A fresco depicting Saint Anthony the Abbot in the Church of the Saints Peter and Paul in Città della Pieve
In Città della Pieve, in the Church of the Saints Peter and Paul that dated back to the thirteenth century, in the very first years of the sixteenth century Perugino painted a fresco showing Saint Anthony the Abbot, between the Saints Paul the Hermit and Marcel.
The Church of the Saints Peter and Paul in Città della Pieve
The church was built in one of the most scenic areas of the place, whence you will be able to admire the Valdichiana valley underneath while in front of you there stand out Mount Cetona and some little towns of Tuscany: Chiusi, Chianciano, Montepulciano. The church was headquarters to the Brotherhood of the Disciplinati (penitents) of the Holy Savior, and up until 1815 was dedicated to Saint Anthony the Abbot.
The fresco: composition
Perugino painted this fresco, depicting Saint Anthony the Abbot together with the Saints Paul the Hermit and Marcel, on the back wall in the building. As a matter of fact, it is a faux altarpiece, square-shaped and surmounted by a lunette. Both sides of it are embellished with grotesques, a peculiar type of painted decoration that here also works as a frame around the fresco. This kind of painted frame, which dated back to the Roman Era, would in fact be rediscovered and reused by the Renaissance masters.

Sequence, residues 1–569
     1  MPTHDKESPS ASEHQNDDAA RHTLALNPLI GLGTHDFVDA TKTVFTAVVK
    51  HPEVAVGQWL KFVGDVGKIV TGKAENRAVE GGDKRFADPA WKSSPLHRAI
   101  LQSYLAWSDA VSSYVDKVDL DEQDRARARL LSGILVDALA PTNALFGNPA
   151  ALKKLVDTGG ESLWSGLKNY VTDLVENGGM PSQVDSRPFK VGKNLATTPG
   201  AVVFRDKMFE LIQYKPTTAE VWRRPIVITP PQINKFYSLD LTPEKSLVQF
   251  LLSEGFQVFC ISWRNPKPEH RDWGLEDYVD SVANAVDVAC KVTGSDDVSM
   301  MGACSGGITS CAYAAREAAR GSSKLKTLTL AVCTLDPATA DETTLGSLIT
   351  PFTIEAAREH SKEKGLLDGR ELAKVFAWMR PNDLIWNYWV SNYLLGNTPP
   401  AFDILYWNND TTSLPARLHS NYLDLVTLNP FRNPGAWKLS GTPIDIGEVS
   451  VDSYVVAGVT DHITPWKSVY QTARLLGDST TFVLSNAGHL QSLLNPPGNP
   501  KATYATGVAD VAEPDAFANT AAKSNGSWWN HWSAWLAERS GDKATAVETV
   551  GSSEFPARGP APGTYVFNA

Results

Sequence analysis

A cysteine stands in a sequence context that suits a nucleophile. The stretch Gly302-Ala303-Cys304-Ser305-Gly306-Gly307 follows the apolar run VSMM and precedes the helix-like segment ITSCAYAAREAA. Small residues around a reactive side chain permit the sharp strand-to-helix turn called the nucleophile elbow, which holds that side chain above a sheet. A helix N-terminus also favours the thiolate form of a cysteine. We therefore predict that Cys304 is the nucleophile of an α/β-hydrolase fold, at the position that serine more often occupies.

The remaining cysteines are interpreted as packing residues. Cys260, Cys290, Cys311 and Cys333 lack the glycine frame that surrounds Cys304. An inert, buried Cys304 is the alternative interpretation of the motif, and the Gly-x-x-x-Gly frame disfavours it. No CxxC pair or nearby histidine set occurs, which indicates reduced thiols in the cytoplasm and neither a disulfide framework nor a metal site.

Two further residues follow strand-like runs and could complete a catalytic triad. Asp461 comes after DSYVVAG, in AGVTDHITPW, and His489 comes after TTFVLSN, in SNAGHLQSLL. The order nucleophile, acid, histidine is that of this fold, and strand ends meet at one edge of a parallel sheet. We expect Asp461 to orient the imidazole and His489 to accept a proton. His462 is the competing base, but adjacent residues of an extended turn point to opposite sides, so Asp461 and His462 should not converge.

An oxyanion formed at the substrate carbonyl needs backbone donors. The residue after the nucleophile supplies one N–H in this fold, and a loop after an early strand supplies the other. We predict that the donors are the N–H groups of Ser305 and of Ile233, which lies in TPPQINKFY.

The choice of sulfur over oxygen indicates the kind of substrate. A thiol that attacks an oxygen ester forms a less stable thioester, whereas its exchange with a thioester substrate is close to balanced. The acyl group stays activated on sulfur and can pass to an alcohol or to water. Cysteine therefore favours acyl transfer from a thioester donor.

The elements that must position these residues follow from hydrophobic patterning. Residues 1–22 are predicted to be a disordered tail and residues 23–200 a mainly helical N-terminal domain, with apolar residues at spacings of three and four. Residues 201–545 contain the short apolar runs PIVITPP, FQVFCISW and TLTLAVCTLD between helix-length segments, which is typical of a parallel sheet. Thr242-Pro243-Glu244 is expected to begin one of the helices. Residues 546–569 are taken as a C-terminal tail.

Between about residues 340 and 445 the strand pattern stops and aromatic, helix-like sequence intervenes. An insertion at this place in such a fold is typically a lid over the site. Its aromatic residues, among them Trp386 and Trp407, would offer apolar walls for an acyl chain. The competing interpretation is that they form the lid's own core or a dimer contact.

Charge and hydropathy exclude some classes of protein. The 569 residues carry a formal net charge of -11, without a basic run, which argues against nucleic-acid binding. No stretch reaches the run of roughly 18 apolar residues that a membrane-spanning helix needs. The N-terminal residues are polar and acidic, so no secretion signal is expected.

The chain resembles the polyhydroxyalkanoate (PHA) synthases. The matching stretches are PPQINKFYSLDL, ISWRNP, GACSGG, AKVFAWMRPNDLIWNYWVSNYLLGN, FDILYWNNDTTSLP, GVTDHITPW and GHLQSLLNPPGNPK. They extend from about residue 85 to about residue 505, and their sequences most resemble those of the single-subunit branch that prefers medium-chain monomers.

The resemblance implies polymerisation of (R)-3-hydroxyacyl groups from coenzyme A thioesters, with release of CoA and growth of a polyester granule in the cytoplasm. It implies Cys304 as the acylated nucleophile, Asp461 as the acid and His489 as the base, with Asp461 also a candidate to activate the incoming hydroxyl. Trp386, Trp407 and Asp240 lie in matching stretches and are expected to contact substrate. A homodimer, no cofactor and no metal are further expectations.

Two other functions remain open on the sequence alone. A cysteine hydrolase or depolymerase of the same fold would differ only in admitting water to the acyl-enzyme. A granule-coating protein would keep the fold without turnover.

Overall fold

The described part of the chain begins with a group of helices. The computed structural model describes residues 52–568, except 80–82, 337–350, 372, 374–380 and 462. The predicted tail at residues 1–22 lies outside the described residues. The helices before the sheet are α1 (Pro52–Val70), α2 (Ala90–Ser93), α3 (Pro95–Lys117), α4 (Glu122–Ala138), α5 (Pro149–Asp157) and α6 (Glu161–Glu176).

In the middle, Saint Anthony the Abbot between Saint Paul the Hermit and Saint Marcel
In the main scene Saint Anthony the Abbot is depicted in the middle, seated on a refined raised throne out of which two lamps are hanging. Looking directly at “us,” the saint raises his right hand while the left lies on a staff, an object usually associated with him in the history of art. The Abbot – as an inscription at the base of the throne indicates – is flanked by the Saints Paul the Hermit and Marcel.
In the upper lunette Perugino showed the blessing Christ encircled by putti, i.e. naked and winged children as can be seen in most of his works of sacred art.
The damages caused by the 1861 earthquake
In 1861 an earthquake shook the town, causing many damages to the church too, and consequently to the fresco. What remained of it was transferred to canvas, and later on, restored. The marks of the earthquake, however, are still clearly visible, especially wide losses of pigments, that makes it now more difficult to detect details and appreciate the whole. In spite of this, it still is a fine example of Perugino’s art in his late years.